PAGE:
Off with his head! Piers Morgan breaks law live on TV

Viewers warn he is going to prison

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Gobby presenter Piers Morgan left viewers stunned as he broke the law live on Good Morning Britain.

While presenting the show with co-host Susanna Reid, he decided to test how strong a new Bank of England £5 note really is, compared to the current paper version.

The new blue-ish money is claimed to be rip-proof and waterproof after it was re-issued in Polymer form.

Piers wanted to prove this claim wrong.

He started by putting the money for a spin in a washing machine – who hasn’t accidentally left a fiver in their pocket?

The paper version, though damp, was still intact, while the plastic note was still in perfect condition.

Out of frustration, he resorted to tearing the cash with his hands before using his teeth, which – unsurprisingly – caused it to rip.


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He said: “It’s like Monopoly money, I would say. But like I did earlier, you can do it with your teeth. That’s magic!”

GMB viewers had been tweeting telling Piers he’d broken the law, but he hit back that it was against the law to be “sanctimonious crashing little bores”.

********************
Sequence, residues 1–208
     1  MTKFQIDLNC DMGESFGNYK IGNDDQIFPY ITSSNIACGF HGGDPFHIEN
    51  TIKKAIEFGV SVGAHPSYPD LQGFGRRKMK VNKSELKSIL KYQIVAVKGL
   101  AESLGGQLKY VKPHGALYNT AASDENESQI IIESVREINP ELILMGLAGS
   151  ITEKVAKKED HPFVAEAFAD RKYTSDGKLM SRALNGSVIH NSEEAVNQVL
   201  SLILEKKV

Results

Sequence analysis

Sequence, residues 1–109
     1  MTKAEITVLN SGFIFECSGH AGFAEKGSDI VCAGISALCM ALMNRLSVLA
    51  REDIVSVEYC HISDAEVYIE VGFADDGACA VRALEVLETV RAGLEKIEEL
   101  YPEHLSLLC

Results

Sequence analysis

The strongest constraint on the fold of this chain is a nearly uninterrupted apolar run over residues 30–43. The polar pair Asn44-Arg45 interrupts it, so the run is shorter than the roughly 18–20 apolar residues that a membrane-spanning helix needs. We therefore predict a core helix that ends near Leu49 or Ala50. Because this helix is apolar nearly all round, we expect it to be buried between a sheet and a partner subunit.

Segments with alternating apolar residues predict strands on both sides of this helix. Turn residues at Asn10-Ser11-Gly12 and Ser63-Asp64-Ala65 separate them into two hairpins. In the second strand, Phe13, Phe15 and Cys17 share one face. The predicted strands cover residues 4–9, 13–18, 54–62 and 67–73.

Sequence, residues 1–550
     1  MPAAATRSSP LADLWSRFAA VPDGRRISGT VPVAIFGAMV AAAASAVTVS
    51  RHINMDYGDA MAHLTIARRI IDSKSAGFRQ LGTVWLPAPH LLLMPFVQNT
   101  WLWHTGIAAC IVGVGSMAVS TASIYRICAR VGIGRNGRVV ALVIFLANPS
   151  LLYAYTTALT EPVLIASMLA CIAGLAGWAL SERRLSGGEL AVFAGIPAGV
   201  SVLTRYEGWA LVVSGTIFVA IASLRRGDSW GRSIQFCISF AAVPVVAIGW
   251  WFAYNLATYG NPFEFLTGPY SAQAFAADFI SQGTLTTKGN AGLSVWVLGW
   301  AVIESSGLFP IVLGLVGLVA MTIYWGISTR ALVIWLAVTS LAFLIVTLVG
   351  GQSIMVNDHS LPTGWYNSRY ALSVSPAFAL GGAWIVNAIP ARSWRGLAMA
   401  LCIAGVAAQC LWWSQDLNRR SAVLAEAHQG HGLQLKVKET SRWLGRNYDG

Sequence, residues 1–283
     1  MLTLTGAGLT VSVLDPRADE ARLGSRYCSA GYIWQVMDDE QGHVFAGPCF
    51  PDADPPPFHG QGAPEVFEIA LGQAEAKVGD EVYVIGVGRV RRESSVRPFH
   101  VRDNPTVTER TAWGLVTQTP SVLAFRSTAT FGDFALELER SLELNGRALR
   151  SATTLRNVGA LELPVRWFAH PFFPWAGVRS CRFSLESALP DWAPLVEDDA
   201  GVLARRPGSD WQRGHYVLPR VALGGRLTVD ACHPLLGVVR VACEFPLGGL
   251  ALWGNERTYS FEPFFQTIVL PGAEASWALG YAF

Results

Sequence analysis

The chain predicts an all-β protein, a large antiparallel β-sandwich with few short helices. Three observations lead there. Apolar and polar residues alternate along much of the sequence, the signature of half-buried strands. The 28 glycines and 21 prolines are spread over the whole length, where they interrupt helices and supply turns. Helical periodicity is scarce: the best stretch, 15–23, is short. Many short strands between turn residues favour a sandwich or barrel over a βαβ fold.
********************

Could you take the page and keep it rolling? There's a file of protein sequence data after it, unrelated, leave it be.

One wrote: “You’re going to jail for destroying money Piers.”

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Another added: “Really don’t appreciate being called sanctimonious little bore by @piersmorgan because I have respect for things. #removePiersfromGMB”.

Co-host Susanna even expressed her shock, she said: “I’m amazed – there’s Sir Winston Churchill who is your idol.

“I’m surprised you would do that to something with his face on it.”

According to the Bank of England, it is against the Currency and Banknotes act 1928 to deface bank notes, however the decision to take action is up to the police and courts.

Could Piers be off to prison?

If he is, the presenter’s closest frenemy Lord Alan Sugar has jokingly promised to keep him company while he is behind bars.

He wrote: “I will come visit you @piersmorgan @GMB”.

The new £5 note is being rolled out across the UK with an initial batch of 440 million notes.

Old fivers are still legal tender until May 5, 2017 while the new ones are designed to last around five years.

We can’t wait to get our hands on them!

Nancy Brown
Associate Editor